The arms race between heliconiine butterflies and Passiflora plants – new insights on an ancient subject

@article{deCastro2018TheAR,
  title={The arms race between heliconiine butterflies and Passiflora plants – new insights on an ancient subject},
  author={{\'E}rika C. P. de Castro and Mika Zagrobelny and M{\'a}rcio Zik{\'a}n Cardoso and S{\o}ren Bak},
  journal={Biological Reviews},
  year={2018},
  volume={93}
}
Heliconiines are called passion vine butterflies because they feed exclusively on Passiflora plants during the larval stage. Many features of Passiflora and heliconiines indicate that they have radiated and speciated in association with each other, and therefore this model system was one of the first examples used to exemplify coevolution theory. Three major adaptations of Passiflora plants supported arguments in favour of their coevolution with heliconiines: unusual variation of leaf shape… 
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The effect of insect cyanoglucosides on predation by domestic chicks
  • M. Cardoso
  • Biology, Environmental Science
    bioRxiv
  • 2019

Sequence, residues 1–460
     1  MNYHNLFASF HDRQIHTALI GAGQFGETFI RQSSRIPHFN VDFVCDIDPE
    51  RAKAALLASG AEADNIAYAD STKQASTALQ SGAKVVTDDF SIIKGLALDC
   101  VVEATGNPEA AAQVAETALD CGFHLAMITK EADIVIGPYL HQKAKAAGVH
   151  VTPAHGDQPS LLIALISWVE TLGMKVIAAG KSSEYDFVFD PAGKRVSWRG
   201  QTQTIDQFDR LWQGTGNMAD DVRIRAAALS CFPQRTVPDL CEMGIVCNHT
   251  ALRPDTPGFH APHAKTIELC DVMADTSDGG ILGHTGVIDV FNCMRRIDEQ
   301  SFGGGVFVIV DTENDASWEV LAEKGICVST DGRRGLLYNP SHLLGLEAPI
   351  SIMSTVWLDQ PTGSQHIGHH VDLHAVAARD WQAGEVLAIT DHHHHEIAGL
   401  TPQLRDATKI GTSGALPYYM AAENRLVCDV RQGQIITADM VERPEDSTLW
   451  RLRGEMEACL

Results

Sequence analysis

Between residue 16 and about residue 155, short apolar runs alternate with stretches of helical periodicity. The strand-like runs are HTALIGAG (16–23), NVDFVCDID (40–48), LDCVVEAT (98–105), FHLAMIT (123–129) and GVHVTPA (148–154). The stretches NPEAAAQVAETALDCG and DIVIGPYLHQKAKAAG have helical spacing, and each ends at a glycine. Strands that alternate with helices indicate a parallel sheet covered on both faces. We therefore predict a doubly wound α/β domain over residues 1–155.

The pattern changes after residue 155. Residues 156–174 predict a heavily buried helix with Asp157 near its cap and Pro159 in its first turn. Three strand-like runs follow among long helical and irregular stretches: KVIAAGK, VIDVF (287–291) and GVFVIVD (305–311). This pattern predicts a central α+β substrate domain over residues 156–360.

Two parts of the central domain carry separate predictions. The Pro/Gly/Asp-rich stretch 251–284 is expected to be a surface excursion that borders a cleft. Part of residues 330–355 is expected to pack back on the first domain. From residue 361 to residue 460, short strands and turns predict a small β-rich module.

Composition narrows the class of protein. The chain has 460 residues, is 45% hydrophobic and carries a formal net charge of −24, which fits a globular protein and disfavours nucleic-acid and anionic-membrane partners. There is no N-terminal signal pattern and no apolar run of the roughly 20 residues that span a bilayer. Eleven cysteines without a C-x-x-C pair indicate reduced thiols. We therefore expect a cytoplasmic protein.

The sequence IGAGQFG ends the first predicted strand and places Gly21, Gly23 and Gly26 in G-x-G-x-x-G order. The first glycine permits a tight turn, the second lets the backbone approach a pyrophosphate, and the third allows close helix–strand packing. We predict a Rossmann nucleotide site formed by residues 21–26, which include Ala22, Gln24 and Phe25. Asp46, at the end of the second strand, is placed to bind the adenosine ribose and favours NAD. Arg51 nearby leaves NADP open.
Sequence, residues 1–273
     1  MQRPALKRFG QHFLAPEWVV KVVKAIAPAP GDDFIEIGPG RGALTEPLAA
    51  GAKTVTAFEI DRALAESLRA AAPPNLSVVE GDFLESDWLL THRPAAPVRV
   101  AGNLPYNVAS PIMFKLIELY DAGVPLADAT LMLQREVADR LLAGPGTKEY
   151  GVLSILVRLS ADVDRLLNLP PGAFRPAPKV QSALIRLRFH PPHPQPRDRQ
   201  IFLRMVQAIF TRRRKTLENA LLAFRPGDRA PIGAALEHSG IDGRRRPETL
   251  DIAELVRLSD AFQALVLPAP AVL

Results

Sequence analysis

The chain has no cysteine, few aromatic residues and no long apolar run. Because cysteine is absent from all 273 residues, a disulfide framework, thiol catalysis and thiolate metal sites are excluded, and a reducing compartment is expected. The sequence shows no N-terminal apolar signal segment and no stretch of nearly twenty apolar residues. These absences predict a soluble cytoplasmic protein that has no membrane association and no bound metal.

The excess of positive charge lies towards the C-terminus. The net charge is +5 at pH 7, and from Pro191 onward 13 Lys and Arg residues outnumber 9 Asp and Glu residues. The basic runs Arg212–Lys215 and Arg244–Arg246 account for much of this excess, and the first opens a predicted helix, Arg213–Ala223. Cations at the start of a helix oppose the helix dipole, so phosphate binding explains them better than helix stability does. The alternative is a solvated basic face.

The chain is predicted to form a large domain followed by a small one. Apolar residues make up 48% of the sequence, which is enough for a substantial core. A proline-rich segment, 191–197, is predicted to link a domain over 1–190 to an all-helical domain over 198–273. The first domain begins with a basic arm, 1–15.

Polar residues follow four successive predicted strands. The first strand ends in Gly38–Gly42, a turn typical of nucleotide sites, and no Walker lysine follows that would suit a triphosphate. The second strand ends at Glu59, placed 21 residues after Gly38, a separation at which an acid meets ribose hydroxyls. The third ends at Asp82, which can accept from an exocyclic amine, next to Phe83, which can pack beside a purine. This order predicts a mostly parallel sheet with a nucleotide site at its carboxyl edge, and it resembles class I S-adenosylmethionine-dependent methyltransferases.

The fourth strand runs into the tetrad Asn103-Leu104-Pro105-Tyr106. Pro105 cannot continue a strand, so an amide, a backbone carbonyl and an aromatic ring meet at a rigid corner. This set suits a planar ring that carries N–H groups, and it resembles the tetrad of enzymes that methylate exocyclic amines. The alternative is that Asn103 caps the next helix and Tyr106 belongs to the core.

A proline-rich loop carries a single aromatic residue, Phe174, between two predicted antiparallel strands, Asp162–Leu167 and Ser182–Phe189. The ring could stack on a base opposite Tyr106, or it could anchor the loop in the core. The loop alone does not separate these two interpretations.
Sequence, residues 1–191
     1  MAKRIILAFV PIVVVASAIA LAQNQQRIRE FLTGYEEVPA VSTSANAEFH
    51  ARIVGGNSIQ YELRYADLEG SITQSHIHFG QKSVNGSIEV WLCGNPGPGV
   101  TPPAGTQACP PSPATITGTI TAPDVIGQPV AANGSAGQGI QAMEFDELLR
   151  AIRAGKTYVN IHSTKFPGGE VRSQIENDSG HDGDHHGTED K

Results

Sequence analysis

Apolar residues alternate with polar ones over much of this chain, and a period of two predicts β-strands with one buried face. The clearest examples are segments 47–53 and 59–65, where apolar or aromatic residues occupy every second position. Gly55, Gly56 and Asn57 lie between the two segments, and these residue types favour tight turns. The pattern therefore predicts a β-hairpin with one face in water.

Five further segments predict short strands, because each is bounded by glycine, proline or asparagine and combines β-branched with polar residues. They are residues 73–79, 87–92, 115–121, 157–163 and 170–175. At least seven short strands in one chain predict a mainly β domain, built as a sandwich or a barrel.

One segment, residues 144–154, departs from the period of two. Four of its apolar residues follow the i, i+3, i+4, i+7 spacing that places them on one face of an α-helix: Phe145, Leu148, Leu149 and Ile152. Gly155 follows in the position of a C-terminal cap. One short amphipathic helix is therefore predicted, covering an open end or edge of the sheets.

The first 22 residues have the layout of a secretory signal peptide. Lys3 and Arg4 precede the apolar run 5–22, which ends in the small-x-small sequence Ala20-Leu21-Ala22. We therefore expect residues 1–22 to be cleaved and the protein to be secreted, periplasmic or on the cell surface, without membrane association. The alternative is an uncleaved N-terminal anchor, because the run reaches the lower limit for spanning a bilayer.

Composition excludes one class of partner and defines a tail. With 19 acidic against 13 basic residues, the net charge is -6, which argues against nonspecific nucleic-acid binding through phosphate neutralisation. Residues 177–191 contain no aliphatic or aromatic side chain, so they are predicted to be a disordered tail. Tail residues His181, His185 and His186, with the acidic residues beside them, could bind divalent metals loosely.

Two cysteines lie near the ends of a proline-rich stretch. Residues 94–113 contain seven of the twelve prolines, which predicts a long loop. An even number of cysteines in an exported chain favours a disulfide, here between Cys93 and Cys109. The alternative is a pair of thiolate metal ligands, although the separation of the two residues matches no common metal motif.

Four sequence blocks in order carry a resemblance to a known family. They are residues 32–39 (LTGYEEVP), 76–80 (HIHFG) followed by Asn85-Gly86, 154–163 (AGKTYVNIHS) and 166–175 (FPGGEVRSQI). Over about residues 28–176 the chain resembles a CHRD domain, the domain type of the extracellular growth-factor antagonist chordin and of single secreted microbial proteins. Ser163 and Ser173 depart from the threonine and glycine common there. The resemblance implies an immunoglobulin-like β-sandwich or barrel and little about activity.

TLDR
Support is provided for cyanoglucosides as defensive chemicals of aposematic lepidopterans and related arthropods by the rejection of cyanide laced prey, which suggests that some species that store aromatic cyanoglUCosides could be detected via smell as well by taste.
The effect of cyanogenic glucosides and their breakdown products on predation by domestic chicks
TLDR
Support is provided for cyanoglucosides as defensive chemicals of aposematic lepidopterans and related arthropods by rejection of cyanide-laced prey and the rejection of the pungent but not toxic benzaldehyde and the potential effect of acetone suggest that cyanoglucaosides could be detected via smell as well by taste.
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